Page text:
Just as in business, planning is essential for community success—whether it be at the local, county, or regional level. We all want a great place to live; but how do we

preserve what we like and make it an even better place to live? We all want the benefits of economic growth—job opportunities, tax base, and access to goods and services. Yet, how do we encourage growth while managing it in such a way that it does not detract from the very things we like about our community? The answer is to plan.

Planning activity can be as broad or as specific as warranted by the situation. It can focus on land use, recreation and tourism, economic growth, or downtown revitalization.

Most counties across the north country have a Comprehensive Economic Development Strategy (CEDS). The CEDS process is designed to involve both the private and public sectors in creating an economic roadmap to diversify and strengthen a county’s economy. It establishes priority goals and objectives for growing various sectors of the economy (manufacturing, agriculture, tourism, and entrepreneurship), and identifies the activities necessary to achieve those goals. It includes an implementation plan along with benchmarks to measure progress in carrying out its strategies.

Towns may have a comprehensive plan that identifies the best areas of the town for residential or commercial development. It also provides a framework for land use controls necessary to manage that growth appropriately for the greatest benefit and to minimize any negative impacts. A community might also undertake a special effort to develop a town-wide recreation plan to prioritize actions for improving its parks, trail systems, and other resources. A Main Street revitalization plan will guide efforts to create a more attractive and pedestrian-friendly downtown to attract shoppers and instill community pride. Regional corridor plans, such as those for Black River Blueway Trail or the Maple Traditions Scenic Byway promote intermunicipal planning and cooperation, drawing communities together through a shared resource while attracting tourists looking to thematic travel experience. An asset management plan can guide a municipality’s long-term strategy for maintaining critical infrastructure. If agriculture is an important part of the local economy, then a farmland protection plan becomes important tool.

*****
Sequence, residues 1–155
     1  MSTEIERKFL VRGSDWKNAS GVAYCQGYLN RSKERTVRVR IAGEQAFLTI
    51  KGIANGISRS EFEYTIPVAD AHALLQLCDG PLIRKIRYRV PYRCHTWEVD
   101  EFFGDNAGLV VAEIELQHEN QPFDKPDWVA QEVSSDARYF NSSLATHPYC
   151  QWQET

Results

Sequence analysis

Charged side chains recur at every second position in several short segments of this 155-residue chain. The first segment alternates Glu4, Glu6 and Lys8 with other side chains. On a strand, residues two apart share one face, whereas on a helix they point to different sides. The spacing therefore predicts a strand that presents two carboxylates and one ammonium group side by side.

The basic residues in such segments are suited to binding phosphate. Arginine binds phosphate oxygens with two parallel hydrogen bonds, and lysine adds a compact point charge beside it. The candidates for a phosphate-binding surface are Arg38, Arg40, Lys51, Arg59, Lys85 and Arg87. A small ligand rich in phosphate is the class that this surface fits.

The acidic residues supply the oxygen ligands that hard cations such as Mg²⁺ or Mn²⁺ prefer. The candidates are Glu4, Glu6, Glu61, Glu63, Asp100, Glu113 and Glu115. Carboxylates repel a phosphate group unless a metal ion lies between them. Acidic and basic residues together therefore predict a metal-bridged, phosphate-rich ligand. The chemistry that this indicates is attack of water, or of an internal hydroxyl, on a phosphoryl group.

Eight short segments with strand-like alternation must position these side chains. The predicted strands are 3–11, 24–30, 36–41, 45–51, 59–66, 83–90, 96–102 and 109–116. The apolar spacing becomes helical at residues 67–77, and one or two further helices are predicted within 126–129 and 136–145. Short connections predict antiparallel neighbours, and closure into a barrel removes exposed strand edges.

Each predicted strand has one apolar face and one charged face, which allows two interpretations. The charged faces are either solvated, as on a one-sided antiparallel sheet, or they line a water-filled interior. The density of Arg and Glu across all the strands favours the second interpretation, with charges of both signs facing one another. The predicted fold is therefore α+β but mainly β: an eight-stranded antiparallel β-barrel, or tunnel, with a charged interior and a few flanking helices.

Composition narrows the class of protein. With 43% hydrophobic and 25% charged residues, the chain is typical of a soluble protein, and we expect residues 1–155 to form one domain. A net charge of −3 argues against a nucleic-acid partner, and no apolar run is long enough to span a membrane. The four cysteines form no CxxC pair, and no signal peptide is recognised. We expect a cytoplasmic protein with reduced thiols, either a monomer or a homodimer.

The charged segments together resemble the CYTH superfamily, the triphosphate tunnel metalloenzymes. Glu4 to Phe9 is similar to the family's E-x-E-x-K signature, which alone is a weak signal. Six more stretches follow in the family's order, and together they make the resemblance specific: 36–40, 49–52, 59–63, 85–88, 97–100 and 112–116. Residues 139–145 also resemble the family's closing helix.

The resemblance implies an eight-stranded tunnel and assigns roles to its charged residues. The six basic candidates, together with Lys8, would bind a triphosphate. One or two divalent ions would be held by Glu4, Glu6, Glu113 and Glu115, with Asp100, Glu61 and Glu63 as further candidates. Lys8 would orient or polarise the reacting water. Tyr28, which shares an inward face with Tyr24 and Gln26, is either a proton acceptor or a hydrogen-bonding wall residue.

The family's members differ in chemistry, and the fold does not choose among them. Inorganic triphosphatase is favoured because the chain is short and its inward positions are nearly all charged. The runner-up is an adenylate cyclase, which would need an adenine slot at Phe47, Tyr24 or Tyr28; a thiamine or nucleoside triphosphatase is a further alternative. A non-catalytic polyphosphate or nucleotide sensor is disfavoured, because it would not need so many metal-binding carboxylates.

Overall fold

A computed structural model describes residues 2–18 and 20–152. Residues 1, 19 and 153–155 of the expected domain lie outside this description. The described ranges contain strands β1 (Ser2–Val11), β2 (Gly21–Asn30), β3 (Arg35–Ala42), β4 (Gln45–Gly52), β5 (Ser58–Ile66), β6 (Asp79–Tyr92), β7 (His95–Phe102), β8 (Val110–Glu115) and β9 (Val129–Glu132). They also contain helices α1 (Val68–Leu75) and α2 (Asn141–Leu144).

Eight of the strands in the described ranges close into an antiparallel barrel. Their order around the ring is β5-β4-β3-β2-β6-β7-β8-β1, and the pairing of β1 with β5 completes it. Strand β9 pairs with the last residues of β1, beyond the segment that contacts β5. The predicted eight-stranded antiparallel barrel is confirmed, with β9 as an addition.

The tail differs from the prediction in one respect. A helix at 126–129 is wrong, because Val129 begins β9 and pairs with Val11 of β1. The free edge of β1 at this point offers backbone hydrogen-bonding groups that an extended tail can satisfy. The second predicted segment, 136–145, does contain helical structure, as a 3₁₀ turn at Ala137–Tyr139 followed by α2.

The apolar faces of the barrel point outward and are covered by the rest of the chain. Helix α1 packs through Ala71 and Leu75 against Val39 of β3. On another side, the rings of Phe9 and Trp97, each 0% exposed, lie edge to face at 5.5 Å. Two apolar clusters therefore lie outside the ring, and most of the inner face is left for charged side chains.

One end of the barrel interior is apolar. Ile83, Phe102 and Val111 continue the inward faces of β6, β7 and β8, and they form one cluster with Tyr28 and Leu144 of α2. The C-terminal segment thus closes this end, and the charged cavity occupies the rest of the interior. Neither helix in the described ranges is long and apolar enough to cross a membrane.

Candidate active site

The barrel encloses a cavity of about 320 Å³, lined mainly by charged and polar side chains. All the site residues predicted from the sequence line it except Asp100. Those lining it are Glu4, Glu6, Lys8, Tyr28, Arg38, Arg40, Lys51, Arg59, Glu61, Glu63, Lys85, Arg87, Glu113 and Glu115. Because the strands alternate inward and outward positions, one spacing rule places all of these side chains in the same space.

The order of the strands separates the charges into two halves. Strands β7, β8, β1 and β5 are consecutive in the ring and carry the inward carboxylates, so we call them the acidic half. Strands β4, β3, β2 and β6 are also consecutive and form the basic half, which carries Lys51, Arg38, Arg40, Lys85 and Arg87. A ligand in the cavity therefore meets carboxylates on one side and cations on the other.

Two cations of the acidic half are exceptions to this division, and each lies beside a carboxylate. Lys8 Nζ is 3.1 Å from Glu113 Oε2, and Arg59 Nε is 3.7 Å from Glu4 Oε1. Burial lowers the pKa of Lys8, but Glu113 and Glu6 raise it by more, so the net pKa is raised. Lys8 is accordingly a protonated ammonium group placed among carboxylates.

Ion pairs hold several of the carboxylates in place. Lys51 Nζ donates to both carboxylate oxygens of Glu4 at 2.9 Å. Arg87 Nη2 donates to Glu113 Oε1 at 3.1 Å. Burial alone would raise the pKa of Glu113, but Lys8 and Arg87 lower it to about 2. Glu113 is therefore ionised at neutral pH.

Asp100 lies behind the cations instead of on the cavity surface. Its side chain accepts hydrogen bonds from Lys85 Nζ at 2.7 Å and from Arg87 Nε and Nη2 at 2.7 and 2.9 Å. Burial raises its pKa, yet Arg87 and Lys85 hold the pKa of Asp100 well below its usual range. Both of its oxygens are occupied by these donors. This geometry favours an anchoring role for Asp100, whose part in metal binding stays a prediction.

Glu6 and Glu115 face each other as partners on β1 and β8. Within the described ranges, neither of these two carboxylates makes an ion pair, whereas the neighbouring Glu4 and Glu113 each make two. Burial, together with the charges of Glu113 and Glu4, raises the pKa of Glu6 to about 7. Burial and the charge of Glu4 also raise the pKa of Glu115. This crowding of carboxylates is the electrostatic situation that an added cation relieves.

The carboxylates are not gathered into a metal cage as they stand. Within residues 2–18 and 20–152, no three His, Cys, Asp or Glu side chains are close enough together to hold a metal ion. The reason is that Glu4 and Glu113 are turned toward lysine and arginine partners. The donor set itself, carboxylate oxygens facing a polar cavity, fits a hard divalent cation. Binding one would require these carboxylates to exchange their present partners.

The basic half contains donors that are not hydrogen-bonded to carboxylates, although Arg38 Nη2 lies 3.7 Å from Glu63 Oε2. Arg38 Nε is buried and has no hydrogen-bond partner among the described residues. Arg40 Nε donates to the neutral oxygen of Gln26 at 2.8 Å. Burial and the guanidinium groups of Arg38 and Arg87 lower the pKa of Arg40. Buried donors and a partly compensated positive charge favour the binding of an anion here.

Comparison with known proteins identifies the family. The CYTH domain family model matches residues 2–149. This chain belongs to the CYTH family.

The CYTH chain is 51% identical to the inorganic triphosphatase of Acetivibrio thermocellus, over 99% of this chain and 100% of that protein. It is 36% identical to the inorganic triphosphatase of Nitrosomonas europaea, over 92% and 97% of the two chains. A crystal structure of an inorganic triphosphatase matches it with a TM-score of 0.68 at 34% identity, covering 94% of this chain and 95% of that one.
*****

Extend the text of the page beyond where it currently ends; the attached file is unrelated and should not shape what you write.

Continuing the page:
There are several benefits to planning. A good plan can strengthen fundraising and grant writing experience by demonstrating to potential funders that you’ve laid the necessary groundwork to increase your odds for success. It can serve as a decision-making tool by helping to decide how to best allocate limited resources toward a community’s highest priority needs. Plan illustrations for a project can generate community support and excitement by helping the general public to visualize the final outcome.

Regardless of the topic, any type of community plan followed by effective implementation is likely to support economic development in some way. While having the necessary infrastructure is important, an attractive and vibrant community can make a great first impression on the visiting tourist, or the business owner deciding whether he or she wants to build a new manufacturing facility there. The availability of adequate housing and recreational opportunities can also be a key site selection factor, as today’s businesses are increasingly concerned about a community’s quality of life and the role that plays in helping them to recruit talent.

Engaging key stakeholders from the public and private sector is key to developing a successful plan. There are several ways to engage stakeholders. One obvious way is to include them on your planning committee. Of course, only so many people can serve on a committee, and some key stakeholders are unable to commit to a series of regular meetings. In that case, you might seek their input by including them in focus group discussions, or through one-on-one interviews.

In the end, it is often the process of planning that is more important than the plan itself. When the stakeholders and the general public are informed and engaged, it raises awareness of the direction in which the community is headed. It also creates a framework for stakeholders to coordinate efforts to advance certain elements of the plan. This all builds support for the plan and improves chances for successful implementation. The shared understanding and lines of communication that are established in developing the plan also make the community more resilient and responsive should unexpected circumstances come along (like a pandemic).

One last thing ... Don’t let that plan sit on a shelf. Revisit it annually to assess your progress and, if necessary, recalibrate. Be nimble. It’s perfectly fine to change direction or readjust priorities when conditions warrant it, as long as you have an idea of where you’re headed.

A bend in the road is not the end of the road unless you miss the turn. — Anonymous

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